Germany: Germany’s system of dual vocational training is an innovative arrangement that facilitates a continuous flow of high-skilled talent to industry. Apprenticeships are an essential and integral part of the German educational system, where about 60% of school leavers undertake an apprenticeship through the Dual Vocational Training System. Germany has invested well in education and human capital capacities, and pursued layered strategies for developing advanced export potential for its domestic industries. Kuwait’s key take away and future collaboration with Germany can lay emphasis on training and education, enabling development of the former’s knowledge economy potential more robustly.
France: France has followed a strategy that recognized and provided space for the involvement of private sector in research and development and the creation of knowledge economy. ANVAR, the flagship initiative of the French government currently supports more than 10,000 SMEs in the country. This has also led to the increased interaction among the public and private sector in France in the areas of scientific and technical research. Organizations such as ANVAR can provide collaborative support for SME development in Kuwait.
Japan: Japanese students consistently rank highly among OECD countries in terms of quality and performance in reading literacy, math, and sciences. Japan’s expertise in the area and its success in developing STEM (science, technology, engineering and mathematics) education could be a model for Kuwait. Kuwait could formulate an education policy, along the lines of Japan, and involve ministries and organizations such as Ministry of Education and Kuwait Foundation for Advancement of Sciences (KFAS) in the process to collaborate with the respective Japanese agencies.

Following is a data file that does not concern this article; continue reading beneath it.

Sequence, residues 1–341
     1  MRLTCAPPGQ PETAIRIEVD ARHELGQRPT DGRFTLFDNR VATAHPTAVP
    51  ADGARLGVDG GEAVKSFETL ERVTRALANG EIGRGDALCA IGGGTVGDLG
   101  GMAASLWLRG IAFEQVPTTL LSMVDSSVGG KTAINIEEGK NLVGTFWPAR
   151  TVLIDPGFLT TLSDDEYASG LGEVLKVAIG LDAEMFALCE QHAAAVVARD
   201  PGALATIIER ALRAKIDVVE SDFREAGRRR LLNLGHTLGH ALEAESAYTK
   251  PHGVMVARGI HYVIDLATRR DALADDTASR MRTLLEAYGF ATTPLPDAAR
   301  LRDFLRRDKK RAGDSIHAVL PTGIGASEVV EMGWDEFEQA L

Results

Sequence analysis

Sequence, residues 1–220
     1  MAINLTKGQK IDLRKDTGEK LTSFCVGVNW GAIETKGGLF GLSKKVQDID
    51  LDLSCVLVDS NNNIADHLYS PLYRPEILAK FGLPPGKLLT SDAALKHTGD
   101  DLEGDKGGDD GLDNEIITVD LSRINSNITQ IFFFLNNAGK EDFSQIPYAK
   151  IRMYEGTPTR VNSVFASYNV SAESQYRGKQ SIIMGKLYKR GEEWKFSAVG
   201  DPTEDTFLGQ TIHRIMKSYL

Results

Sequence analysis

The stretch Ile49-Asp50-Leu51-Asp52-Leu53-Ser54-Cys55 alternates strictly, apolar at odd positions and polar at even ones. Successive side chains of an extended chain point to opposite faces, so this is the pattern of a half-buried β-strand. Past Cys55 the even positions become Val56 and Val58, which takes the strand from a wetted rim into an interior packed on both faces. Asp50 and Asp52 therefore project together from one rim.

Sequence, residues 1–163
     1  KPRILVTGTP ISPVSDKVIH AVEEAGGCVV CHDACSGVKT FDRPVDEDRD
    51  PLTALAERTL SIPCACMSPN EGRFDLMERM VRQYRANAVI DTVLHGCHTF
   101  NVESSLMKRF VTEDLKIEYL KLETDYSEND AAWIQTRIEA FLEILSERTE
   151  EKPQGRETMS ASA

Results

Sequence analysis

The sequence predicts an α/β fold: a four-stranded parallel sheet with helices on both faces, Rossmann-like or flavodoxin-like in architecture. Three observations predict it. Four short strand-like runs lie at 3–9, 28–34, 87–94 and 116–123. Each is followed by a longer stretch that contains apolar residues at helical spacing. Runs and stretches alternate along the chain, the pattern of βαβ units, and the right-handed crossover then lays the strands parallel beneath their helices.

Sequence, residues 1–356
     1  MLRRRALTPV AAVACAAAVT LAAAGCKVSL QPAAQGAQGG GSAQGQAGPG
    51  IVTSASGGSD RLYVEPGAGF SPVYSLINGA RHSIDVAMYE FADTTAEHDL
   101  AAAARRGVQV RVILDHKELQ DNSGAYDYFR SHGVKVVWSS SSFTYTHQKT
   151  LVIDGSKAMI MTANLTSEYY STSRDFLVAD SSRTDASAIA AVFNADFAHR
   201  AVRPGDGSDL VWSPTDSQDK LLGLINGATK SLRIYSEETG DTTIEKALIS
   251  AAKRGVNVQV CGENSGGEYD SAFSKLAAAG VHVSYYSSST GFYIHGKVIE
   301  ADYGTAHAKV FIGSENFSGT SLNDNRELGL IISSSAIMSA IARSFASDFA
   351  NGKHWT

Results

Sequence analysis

China: China’s economic success is largely due to reforms that created favorable incentives and unleashed productive forces. A favorable demographic structure and adequate labor supply also contributed, as did a high level of capital accumulation and the implementation of an export oriented economic strategy. Kuwait which is looking to diversify its economy could cooperate with China to understand its transition to a service economy. Kuwait can play an active role in the OBOR (One-belt one-road) project. Kuwait could also look at becoming a part of the land based Silk Road Economic Belt, which passes through Europe.
India: India has policies focused on each stage of education starting from primary to postdoctoral. The government of India has many programs being implemented, including education through ICT, vocational training, technical education etc. A large network of government-funded institutes, such as the Indian Institute of Technology (IITs), as well as opening the education sector to private educational institutions helped to develop engineering skills among the youth. India and Kuwait share a longstanding diplomatic and cultural relationship with Indian expatriate population being the highest in Kuwait. Kuwait can leverage the ties with India in formulation of policies and knowledge transfer for the implementation of various schemes related to skill development.
Covering these critical areas will mean that Kuwait and its major partners can give further impetus to their strategic relationship and strengthen bilateral economic arrangements by harnessing the synergies.
Regular exchange of high-level state visits over the years, has provided sustained momentum to bilateral cooperation between Kuwait and its trading partners. The wide-ranging and expanding dialogue framework should lead to broad-based endeavours covering not only trade and investment, but cooperation in other diverse areas that would prove beneficial for overall economic, social and cultural development.